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Move all asylum-seeker processing onshore

By Beth Doherty - posted Monday, 15 November 2010

Christmas Island's name attests to its colour and spectacular wildlife. But sadly, this place means anything but presents and goodwill for the asylum seekers who are detained there. Christmas Island Immigration Detention centre is a temporary processing facility which holds almost 3,000 asylum seekers who have arrived, in general, by boat.

Yesterday, the High Court of Australia held that the rule of law must be followed by decision makers employed by the Australian Government, including companies contracted by the Immigration Department.

The Court upheld a challenge by two Sri Lankan Tamil asylum seekers who had their refugee claims rejected. The men had tried to challenge the decision in the courts, but were unable due to their detention on Christmas Island.


The High Court voted unanimously that this was an error of law and that the two men were denied procedural fairness when Government contractors reviewed their case.

"According to the High Court, the persons employed by the contracting company engaged by the Department of Immigration to assess reviews of asylum seekers claims for refugee status "did not treat the provisions of the Migration Act 1958 (Commonwealth) and the decisions of Australian courts as binding, and, further, failed to observe the requirements of procedural fairness".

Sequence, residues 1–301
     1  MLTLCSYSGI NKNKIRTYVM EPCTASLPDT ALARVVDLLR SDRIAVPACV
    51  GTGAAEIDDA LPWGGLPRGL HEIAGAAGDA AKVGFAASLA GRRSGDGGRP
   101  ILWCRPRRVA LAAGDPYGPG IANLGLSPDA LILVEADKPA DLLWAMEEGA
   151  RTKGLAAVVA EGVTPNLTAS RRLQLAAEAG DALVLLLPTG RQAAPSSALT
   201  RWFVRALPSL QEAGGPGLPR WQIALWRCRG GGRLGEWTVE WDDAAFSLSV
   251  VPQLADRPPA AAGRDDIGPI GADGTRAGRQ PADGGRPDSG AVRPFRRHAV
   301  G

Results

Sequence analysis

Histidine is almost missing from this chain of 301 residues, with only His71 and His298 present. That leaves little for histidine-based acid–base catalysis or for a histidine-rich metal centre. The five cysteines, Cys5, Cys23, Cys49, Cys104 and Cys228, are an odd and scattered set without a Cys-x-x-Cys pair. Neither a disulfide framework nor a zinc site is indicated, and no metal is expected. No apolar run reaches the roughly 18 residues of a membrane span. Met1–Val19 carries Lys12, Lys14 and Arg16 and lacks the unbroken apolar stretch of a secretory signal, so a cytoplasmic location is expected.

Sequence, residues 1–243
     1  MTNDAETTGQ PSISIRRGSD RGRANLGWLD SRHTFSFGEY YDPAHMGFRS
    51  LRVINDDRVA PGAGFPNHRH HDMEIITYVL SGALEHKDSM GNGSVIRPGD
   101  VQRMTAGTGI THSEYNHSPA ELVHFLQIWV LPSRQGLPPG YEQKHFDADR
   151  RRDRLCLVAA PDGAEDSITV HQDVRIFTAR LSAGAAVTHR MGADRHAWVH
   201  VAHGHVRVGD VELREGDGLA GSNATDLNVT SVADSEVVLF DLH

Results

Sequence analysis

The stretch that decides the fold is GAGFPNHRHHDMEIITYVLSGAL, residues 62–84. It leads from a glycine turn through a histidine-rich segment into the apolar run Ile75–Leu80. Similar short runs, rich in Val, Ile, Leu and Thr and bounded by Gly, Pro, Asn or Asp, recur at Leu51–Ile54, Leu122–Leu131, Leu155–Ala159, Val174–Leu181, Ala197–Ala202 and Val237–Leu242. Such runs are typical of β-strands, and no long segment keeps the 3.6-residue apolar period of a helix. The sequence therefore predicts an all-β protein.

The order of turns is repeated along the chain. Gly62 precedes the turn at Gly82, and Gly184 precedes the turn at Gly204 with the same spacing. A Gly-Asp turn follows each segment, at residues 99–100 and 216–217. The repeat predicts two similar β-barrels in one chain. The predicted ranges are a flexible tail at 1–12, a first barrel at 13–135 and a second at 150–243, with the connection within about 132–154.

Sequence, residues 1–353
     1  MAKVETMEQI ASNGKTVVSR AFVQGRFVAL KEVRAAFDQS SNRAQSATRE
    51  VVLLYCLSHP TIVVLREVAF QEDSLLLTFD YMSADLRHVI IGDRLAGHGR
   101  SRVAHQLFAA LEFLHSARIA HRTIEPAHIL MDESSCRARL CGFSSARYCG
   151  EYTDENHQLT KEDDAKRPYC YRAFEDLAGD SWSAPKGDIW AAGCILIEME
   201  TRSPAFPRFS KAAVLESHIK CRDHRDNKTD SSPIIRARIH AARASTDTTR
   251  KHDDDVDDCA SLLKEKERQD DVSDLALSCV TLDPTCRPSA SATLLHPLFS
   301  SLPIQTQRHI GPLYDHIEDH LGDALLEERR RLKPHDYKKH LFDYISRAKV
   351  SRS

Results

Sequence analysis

Bishop Joe Grech, Australian bishops' spokesperson on refugee matters said that it would probably be a surprise to Australians to know that asylum seekers' access to legal advice and the courts was not always satisfactory and at times could lead to serious danger if forced to return to their countries.

"It is a matter of great concern that people who are tasked with reviews that can be life or death matters are not required to consider the basic rules of Australian law", Bishop Grech said.

"Following this significant judgement, surely the time has come to address the situation and to consider seriously moving all asylum-seeker processing onshore", Bishop Grech said.

In a statement on Thursday immediately following the High Court's decision, the Catholic Church in Australia stated forcefully that, in their experience, the experience of detention, particularly in remote locations is unjust. This call comes from very concrete and distressing experiences gleaned from pastoral ministry on these detention centres.


The Church has been involved in the delivery of pastoral care to asylum seekers since the early days of Immigration Detention, most notably in Baxter and Woomera, but also in Port Hedland, Villawood, Maribyrnong, Curtin and others.

Since January, 2010 the Catholic Church in Australia has had a continuous collaborative ministry to asylum seekers on Christmas Island, which is administered by the Australian Catholic Migrant and Refugee Office (ACMRO), the Jesuit Refugee Service (JRS) and the Archdiocese of Perth (The Archdiocese under which Christmas Island falls).

JRS Australia Director Fr Sacha Bermudez Goldman SJ says that this is an extremely important work of presence, but that they wish it wasn't a necessary one.

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About the Author

Beth Doherty is Communications Officer of the Australian Catholic Bishops Conference.

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